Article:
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Iran Braces For More Violent Clashes Postelection

RENEE MONTAGNE, host:

This is MORNING EDITION from NPR News. Good morning. I'm Renee Montagne.

STEVE INSKEEP, host:

And I'm Steve Inskeep. Once again today, the challenger in Iran's disputed election has sent a message to his followers. Mir-Hossein Mousavi told them not to protest in the streets today in order to protect their lives.

MONTAGNE: That's the same advice that Mousavi gave his supporters yesterday. It was advice that many Iranians chose not to follow.

INSKEEP: NPR's Mike Shuster reports on a mass demonstration for the candidate who says the election was stolen.

(Soundbite of crowd cheering)

MIKE SHUSTER: The call to rally came from Mir-Hossein Mousavi himself, but then fearful that security forces would fire on demonstrators, he reversed himself and announced that his supporters should stay home. They didn't. The protestors ignored the danger and started marching toward Freedom Square in Western Tehran in the middle of the afternoon. Soon, there were huge crowds, hundreds of thousands of people by some estimates. They believe like this man, who preferred to withhold his name, that their candidate Mousavi had won the election, not Mahmoud Ahmadinejad.

Unidentified Man: The truth is what you see here. The truth is the voice of the people. You can see and you can hear. This is what we want. Iran is all over like this. Iran wants this. What the people want is this. Reflect the truth. Thanks.

SHUSTER: For hours, marchers poured into Freedom Square, their ranks easily surpassing the size of Ahmadinejad's rally on Sunday, when 20,000 or 30,000 people hailed what they believe is his reelection. That rally was broadcast on state television. This opposition rally was not. The Mousavi protest was so large that it essentially shut down much of western Tehran. Traffic was paralyzed. Residents spilled into the nearby highways to block traffic and scream slogans in support of Mousavi. The sheer size of the throng electrified those who were participating.

Unidentified Woman #1: I think no one in Iran wants Ahmadinejad to be the president of the Iran. They want Mousavi. (unintelligible) They don't want this liar government. That's it.

Unidentified Man #1: I think election is not true. This election result was not true.

Unidentified Woman #2: I think it's a dictator, and Ahmadinejad's a dictator, and all those people don't like the situation. And all of them said: Where's my vote?

SHUSTER: It was the largest anti-government demonstration in 31 years, and many in the crowd recalled the street demonstrations of 1978 which grew and grew and eventually became so huge that they forced the Shah of Iran to abdicate in favor of what became the Islamic Revolution. Many in the crowd were calling this Iran's second revolution.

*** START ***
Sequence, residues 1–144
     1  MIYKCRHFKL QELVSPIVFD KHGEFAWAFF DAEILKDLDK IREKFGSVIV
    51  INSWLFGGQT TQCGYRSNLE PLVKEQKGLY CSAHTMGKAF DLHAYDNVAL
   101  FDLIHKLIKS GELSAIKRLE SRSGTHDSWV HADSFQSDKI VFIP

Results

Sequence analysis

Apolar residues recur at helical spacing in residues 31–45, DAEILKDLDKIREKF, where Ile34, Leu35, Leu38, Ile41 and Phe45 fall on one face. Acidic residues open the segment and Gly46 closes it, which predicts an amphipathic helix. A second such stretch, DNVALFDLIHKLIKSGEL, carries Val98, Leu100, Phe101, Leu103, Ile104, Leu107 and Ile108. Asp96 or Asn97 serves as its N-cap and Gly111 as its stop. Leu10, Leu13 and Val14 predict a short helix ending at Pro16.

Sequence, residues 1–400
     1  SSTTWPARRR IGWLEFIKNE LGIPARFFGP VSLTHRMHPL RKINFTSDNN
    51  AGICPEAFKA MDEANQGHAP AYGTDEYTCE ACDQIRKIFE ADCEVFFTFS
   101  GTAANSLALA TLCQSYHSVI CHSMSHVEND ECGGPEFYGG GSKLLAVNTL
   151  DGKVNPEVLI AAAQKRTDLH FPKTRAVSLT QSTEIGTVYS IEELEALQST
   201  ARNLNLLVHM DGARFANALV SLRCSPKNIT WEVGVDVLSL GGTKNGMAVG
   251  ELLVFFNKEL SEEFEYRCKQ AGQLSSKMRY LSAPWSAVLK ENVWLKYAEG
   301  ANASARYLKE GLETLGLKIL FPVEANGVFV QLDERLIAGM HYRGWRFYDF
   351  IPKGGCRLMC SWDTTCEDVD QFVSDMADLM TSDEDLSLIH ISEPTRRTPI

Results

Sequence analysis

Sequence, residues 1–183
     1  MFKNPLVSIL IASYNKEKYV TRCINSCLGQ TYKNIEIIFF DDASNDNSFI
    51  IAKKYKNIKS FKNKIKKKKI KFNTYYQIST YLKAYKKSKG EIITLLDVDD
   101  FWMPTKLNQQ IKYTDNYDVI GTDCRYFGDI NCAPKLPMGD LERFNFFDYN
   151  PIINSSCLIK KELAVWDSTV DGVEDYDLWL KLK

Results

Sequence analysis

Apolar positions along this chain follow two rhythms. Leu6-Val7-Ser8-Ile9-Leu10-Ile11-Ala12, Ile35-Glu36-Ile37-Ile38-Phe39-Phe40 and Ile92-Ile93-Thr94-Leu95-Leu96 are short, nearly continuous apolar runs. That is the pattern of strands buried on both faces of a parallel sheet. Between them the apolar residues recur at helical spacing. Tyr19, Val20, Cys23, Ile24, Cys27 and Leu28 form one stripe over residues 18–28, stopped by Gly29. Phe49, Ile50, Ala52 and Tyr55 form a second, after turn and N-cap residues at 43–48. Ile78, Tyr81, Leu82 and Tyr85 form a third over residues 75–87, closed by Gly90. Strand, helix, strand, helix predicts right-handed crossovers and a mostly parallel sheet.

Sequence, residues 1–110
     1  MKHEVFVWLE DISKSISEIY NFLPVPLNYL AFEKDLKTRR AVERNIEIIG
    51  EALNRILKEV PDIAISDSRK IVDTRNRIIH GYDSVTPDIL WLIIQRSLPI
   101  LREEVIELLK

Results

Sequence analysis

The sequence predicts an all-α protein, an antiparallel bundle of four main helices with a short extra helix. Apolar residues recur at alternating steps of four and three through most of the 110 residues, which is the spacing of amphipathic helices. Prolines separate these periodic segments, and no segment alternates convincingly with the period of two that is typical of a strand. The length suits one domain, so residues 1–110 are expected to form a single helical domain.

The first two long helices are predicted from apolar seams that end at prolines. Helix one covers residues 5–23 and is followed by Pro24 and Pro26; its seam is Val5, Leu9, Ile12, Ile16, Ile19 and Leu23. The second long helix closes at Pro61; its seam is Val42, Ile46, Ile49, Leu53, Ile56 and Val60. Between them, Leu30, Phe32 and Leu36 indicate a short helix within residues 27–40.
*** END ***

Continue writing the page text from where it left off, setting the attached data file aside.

Unidentified Man #2: More important than the first revolution, because it's -after Islamic Revolution, we needed this revolution.

SHUSTER: Toward the end of the demonstration, gunmen appeared on the roof of a militia barracks on the square. According to witnesses, the gunmen fired randomly into the crowd. One man was shot in the head and killed. Several others were wounded. Other reports said the crowd set the barracks on fire. State television claims seven protestors were killed when they attacked a military facility, but it wasn't clear whether this was the same incident.

Unidentified Group: Mousavi. Mousavi. (Foreign language spoken)

SHUSTER: Mousavi appeared briefly amidst the ocean of protestors. We want the votes to be counted honestly, Mousavi said. That is the respect we deserve. Mousavi has been out of the public eye since Friday's election, but he has been busy. On Sunday, he met with Iran's Supreme Leader Ayatollah Ali Khamenei, and apparently convinced him that some official review of the election results was necessary. Khamenei then ordered the Guardian Council to look into the matter. The Guardian Council is the 12-person, mostly clerical body that oversees elections. We will investigate and announce the result, the council spokesman said on state television last night.

(Soundbite of crowd chanting)

SHUSTER: But the protestors don't seem to have the patience that the government is asking for, and the violence that erupted late Monday is only likely to swell their ranks. This young woman's comments seemed to sum up all that the protestors were feeling.

Unidentified Woman #3: They want freedom, just freedom.

SHUSTER: Today, Mousavi met with the Guardian Council, which offered to carry out the recount of a random sampling of ballot boxes from around the country. Mousavi rejected that offer. He wants Iran to hold an entirely new election.

Mike Shuster, NPR News, Tehran. Transcript provided by NPR, Copyright NPR.

NPR transcripts are created on a rush deadline by an NPR contractor. This text may not be in its final form and may be updated or revised in the future. Accuracy and availability may vary. The authoritative record of NPR’s programming is the audio record.

Mike Shuster
Mike Shuster is an award-winning diplomatic correspondent and roving foreign correspondent for NPR News. He is based at NPR West, in Culver City, CA. When not traveling outside the U.S., Shuster covers issues of nuclear non-proliferation and weapons of mass destruction, terrorism, and the Pacific Rim.